Chris

4:29:00 PM  
Anonymous Henry said...

Fantastic, Vince!!!

Congrats! I knew you would succeed this time, if only because you showed an incredible commitment to lose the weight you did. I always felt that was your Achilles Heel.

After the weight was gone, I'd figure you'd have no excuses left, so you had to do it!

Tina and I were at Harrison for the long weekend so didn't have a chance to check the results.

I'm slowing building my base for Vancouver. Training on my own is different but it's kinda cool
actually.

You probably will be just coming back from Boston so not sure if you're doing Vancouver again, but I think I have that same fire to do well as you.

See around the RR and congrats again! I'm signed up for the Cunningham and Fall Classic
and will be signing up for the First Half.

Henry

7:52:00 PM  
Blogger Vince Hemingson said...

Hi Henry,

I plan to run an easy Vancouver Marathon next Spring after running Boston. I have some first-timers that I have promised to run with. Something in the 4:30 to 5:00 range.

See you around the RR.

Best, Vince

8:03:00 AM  
Anonymous Mom said...

Hi Vin,

Enjoyed reading your write up on the Marathon. It sounds as if you are almost in shock still - you've worked so hard to get where you wanted to be that it's almost an anticlimax because you did what you planned to do.

It takes incredible discipline to lose that much weight and put in the training that you've done. It's a great accomplishment. Hope your two weeks away will be just as successful.

Lots of Love, Mom

8:04:00 AM  
Anonymous Michael said...

You are great! You are awesome!!

You are an inspiration!!!

Have a great trip and I hope to CU soon.

8:41:00 AM  
Anonymous Patrick said...

Vince,
It's been a pleasure and an inspiration to run with you over the last 10 months. All of the moments where you seemed hell-bent on sabotaging your BQ attempt (Stormy, Bowen, Tacoma, etc etc) have disappeared in an instant and left only the end result - a flawless race run with the kind of diligence and common sense that we only wish could be taught in the RR clinics. I can't wait to hear the rest of the story as it unfolds over the next 6 months on your way to Boston.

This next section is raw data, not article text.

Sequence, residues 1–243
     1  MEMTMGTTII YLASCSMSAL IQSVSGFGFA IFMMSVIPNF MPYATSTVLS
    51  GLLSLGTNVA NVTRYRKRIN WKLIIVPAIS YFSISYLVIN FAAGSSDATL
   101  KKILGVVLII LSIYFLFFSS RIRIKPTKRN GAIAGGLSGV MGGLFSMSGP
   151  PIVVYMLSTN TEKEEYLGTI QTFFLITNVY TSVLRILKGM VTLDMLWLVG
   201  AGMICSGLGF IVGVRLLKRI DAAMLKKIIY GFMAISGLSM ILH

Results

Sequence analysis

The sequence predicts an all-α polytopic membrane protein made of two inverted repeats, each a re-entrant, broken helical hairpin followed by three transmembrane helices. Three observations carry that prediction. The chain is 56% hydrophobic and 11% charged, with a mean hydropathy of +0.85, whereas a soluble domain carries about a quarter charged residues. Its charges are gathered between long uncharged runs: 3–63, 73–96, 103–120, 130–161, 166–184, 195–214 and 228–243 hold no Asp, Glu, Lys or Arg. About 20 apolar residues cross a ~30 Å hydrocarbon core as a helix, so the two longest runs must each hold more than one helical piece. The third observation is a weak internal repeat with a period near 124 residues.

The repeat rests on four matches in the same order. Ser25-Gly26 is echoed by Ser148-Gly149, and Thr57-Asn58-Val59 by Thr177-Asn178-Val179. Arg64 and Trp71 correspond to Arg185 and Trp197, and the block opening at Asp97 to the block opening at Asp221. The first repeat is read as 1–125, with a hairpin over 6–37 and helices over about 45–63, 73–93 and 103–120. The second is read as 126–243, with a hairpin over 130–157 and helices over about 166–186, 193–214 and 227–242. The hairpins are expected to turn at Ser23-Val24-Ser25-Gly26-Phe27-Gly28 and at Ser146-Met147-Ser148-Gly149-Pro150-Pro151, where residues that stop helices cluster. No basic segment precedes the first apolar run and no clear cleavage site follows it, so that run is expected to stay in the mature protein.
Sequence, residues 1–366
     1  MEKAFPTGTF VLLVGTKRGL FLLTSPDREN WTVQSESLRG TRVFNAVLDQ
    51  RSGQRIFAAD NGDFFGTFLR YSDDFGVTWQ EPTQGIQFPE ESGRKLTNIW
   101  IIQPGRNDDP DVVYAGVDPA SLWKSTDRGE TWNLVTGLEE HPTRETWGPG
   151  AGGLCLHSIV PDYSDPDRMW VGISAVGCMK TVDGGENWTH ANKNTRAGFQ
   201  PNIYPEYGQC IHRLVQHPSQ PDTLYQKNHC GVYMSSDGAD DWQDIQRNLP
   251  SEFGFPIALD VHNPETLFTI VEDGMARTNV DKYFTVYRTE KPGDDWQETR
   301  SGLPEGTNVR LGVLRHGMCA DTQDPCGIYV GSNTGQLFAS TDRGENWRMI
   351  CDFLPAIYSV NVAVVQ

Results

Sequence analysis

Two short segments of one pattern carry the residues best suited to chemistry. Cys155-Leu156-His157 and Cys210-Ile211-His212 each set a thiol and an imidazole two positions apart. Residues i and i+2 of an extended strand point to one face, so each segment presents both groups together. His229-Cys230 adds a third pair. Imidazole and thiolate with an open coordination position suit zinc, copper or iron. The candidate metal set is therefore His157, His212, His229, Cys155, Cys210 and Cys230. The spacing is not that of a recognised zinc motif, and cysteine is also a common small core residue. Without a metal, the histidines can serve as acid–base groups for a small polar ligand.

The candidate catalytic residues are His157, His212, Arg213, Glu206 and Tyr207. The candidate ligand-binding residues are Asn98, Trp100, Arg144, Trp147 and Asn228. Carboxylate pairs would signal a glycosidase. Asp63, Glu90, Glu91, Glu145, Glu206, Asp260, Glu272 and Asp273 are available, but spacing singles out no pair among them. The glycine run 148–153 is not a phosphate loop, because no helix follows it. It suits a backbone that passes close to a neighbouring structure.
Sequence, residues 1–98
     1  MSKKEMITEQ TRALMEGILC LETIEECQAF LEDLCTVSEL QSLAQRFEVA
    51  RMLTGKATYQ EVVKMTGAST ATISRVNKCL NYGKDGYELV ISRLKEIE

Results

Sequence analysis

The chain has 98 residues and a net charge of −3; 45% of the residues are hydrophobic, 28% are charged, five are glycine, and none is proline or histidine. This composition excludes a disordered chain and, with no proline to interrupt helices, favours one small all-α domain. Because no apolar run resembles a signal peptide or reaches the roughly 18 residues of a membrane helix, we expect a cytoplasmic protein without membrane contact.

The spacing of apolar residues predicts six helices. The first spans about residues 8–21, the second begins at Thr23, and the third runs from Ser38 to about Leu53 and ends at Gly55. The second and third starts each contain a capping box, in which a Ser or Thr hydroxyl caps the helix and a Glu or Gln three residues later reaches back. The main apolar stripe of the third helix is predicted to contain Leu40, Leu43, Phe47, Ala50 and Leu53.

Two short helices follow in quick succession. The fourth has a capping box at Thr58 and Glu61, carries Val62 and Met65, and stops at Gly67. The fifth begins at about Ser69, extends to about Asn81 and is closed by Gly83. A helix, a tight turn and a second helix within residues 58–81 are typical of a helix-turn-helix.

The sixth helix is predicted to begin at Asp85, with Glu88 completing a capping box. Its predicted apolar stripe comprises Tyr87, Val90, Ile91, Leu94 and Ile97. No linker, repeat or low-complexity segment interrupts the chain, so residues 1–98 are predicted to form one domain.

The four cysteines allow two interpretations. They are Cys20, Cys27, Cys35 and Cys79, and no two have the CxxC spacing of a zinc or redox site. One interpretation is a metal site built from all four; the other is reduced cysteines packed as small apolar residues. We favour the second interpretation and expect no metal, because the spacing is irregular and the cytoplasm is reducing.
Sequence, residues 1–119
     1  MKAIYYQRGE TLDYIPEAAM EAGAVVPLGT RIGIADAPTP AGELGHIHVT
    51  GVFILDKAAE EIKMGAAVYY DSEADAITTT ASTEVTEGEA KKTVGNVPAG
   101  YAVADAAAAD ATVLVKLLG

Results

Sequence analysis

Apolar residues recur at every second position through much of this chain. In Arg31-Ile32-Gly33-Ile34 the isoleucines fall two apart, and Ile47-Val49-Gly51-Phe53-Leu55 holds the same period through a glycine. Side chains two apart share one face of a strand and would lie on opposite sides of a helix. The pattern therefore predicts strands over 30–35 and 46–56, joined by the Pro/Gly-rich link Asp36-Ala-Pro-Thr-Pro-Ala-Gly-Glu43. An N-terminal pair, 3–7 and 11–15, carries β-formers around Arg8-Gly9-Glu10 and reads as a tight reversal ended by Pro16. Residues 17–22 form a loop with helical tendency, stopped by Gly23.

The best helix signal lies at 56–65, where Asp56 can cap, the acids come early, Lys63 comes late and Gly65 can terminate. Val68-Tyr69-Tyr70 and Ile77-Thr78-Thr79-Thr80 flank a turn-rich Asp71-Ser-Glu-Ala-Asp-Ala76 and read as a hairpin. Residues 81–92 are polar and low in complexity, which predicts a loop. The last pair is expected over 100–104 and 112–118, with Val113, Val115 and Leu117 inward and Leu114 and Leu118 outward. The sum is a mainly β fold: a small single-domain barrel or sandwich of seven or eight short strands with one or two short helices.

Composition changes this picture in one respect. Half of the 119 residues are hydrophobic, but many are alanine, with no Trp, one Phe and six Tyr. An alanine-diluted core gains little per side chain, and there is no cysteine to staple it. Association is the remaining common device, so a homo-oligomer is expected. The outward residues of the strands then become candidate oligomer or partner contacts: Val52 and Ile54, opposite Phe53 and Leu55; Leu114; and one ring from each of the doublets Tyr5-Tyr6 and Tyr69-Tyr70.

Congratulations!

Patrick

11:22:00 AM  
Blogger Scooter said...

Vince,
I also found the achievement of the BQ to be a bit anti-climactic. I think it was a question, in both our cases, not of "Can I make it?", but rather a "Will I not shoot myself in the foot?" We are now in the postion of travelling to Beantown to run "The Marathon Where The Crowd Never Thins." That's really where the payoff is. You are also in the postion to double there, as I believe you qualified for the next two due to timing. For me, the great curiousity is the scream tunnel at Wellesley College. Is it as special an experience as I have heard? Will I feel like a rock star? Is it better than First Ave at NY?

7:46:00 AM  
Blogger uphill said...

congratulations!

I ran a 3:29:53 for my qualifying time. The last 6 miles were brutal just to hang on.

But, the good news, I recieved my confirmation or acceptance of my entry for Boston.

Good luck, keep posting, I'll be training and preparing starting in December.

7:09:00 PM  
Anonymous Jeff Galloway said...

Jeff Galloway wrote:

Vince,

Congratulations! Only one-tenth of one percent of the population finishes a marathon each year. Only about 5 percent of all marathoners quality for Boston!

I recommend that you back off the pace in Boston and enjoy the experience. You have much to look forward to. I hope you can join us at a one day run school or retreat: highly motivating with individualized information

9:08:00 PM  
Blogger Scooter said...

Vince,
Are you home yet? Post a "check-in" even if you have nothing real to say. Did you see who the previous comment was from?

7:58:00 AM